Course 208: What Is Free Cash Flow?
What Free Cash Flow Tells You
In this course
1 Introduction
2 What Free Cash Flow Tells You
3 Big Spending and Cash Flow Can Work Together
4 When Spending Doesn't Generate Cash Flow
5 Using Free Cash Flow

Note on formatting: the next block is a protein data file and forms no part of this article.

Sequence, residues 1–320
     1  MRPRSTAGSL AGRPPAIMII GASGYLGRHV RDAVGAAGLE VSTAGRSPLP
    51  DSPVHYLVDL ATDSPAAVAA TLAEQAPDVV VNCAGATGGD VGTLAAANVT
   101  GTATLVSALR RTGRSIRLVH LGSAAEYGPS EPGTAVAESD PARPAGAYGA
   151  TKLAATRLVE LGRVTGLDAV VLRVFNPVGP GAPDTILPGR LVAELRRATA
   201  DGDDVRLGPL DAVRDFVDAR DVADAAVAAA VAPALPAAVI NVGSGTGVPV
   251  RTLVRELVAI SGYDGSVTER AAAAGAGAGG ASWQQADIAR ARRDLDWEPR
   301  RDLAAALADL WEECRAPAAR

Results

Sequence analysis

To see what free cash flow tells us that earnings don't, take a look at Rainforest Cafe RAIN, the operator of theme restaurants (its stock has taken a nosedive since the end of 1997). From 1995 through 1997, the company posted $100,000, $5.9 million, and $12.3 million in earnings. Nice growth, right? The company's free cash flow, by contrast, was negative $7.0 million, negative $28.0 million, and negative $57.4 million. Free cash flows also grew--but in the opposite direction as earnings. That's not necessarily bad. Free cash flow is equal to the cash a company generates minus the amount it invests. Rainforest Cafe is investing a lot, which is why its free cash flows are negative. How much is a lot? A quick way to tell how quickly a company tears through money is to compare its capital spending with its long-term assets (mostly, its plant and equipment). While not always perfect, the comparison at least gives us an idea of how aggressively a company is spending. Rainforest Cafe's capital spending as a percentage of its current assets has been as high as 43%. That's one prolific spender. At the opposite end of the spectrum would be a company like Philip Morris MO, which cruises along spending an amount equal to about 5% of its long-term assets. When you see a percentage as high as 30% or 40%, chances are you're dealing with a young company just getting on its feet.

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